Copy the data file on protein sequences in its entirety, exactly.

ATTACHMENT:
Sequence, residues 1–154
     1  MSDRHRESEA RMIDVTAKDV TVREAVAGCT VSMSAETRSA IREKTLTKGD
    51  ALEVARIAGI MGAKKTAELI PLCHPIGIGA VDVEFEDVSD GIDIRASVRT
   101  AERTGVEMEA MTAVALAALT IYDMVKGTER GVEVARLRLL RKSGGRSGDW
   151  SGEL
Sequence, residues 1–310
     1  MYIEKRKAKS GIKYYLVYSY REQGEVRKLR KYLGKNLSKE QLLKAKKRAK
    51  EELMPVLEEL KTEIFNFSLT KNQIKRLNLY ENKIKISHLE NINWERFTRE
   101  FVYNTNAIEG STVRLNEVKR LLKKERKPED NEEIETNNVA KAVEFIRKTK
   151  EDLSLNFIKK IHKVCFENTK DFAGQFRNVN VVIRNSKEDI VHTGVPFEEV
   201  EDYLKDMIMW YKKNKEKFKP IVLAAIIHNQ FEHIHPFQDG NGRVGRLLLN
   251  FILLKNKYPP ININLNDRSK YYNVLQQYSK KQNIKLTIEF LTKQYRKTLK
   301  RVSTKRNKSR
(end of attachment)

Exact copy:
Sequence, residues 1–154
     1  MSDRHRESEA RMIDVTAKDV TVREAVAGCT VSMSAETRSA IREKTLTKGD
    51  ALEVARIAGI MGAKKTAELI PLCHPIGIGA VDVEFEDVSD GIDIRASVRT
   101  AERTGVEMEA MTAVALAALT IYDMVKGTER GVEVARLRLL RKSGGRSGDW
   151  SGEL
Sequence, residues 1–310
     1  MYIEKRKAKS GIKYYLVYSY REQGEVRKLR KYLGKNLSKE QLLKAKKRAK
    51  EELMPVLEEL KTEIFNFSLT KNQIKRLNLY ENKIKISHLE NINWERFTRE
   101  FVYNTNAIEG STVRLNEVKR LLKKERKPED NEEIETNNVA KAVEFIRKTK
   151  EDLSLNFIKK IHKVCFENTK DFAGQFRNVN VVIRNSKEDI VHTGVPFEEV
   201  EDYLKDMIMW YKKNKEKFKP IVLAAIIHNQ FEHIHPFQDG NGRVGRLLLN
   251  FILLKNKYPP ININLNDRSK YYNVLQQYSK KQNIKLTIEF LTKQYRKTLK
   301  RVSTKRNKSR